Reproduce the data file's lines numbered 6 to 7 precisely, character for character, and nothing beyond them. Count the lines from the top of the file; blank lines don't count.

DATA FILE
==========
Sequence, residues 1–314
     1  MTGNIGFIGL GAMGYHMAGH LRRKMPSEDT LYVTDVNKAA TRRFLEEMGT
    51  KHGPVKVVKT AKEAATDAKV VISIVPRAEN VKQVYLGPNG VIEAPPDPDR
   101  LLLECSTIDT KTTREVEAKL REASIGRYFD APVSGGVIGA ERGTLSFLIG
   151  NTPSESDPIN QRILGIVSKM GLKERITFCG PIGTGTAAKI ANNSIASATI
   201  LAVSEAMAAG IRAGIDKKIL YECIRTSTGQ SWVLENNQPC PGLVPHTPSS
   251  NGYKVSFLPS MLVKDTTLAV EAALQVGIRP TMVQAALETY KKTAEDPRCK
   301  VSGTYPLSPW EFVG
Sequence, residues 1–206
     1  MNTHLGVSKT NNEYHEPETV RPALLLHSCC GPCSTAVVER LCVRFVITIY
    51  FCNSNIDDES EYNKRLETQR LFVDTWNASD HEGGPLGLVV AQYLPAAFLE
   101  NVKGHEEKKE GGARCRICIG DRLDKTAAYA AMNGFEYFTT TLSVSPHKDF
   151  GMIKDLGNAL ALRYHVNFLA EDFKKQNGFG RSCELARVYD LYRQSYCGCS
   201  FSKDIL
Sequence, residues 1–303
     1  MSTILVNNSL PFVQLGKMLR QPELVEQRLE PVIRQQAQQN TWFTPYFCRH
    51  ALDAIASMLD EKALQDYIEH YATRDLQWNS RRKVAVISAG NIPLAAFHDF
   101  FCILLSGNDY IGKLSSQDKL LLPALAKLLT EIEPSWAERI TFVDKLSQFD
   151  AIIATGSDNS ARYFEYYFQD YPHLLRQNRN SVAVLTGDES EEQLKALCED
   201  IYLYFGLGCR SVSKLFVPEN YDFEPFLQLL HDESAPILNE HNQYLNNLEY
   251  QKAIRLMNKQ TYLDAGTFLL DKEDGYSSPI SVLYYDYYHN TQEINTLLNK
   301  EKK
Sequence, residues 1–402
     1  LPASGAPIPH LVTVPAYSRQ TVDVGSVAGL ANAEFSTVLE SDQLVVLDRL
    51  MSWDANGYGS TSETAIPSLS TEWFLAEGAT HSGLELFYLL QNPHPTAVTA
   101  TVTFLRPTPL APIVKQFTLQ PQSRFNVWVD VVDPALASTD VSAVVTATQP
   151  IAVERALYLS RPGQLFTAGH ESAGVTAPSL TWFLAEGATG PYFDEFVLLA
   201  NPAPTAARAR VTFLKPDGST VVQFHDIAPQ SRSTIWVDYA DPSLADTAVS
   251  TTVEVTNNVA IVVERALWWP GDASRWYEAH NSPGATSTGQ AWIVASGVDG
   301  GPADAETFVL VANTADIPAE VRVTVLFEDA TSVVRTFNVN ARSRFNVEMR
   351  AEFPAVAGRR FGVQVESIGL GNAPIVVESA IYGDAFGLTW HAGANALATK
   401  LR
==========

   201  LAVSEAMAAG IRAGIDKKIL YECIRTSTGQ SWVLENNQPC PGLVPHTPSS
   251  NGYKVSFLPS MLVKDTTLAV EAALQVGIRP TMVQAALETY KKTAEDPRCK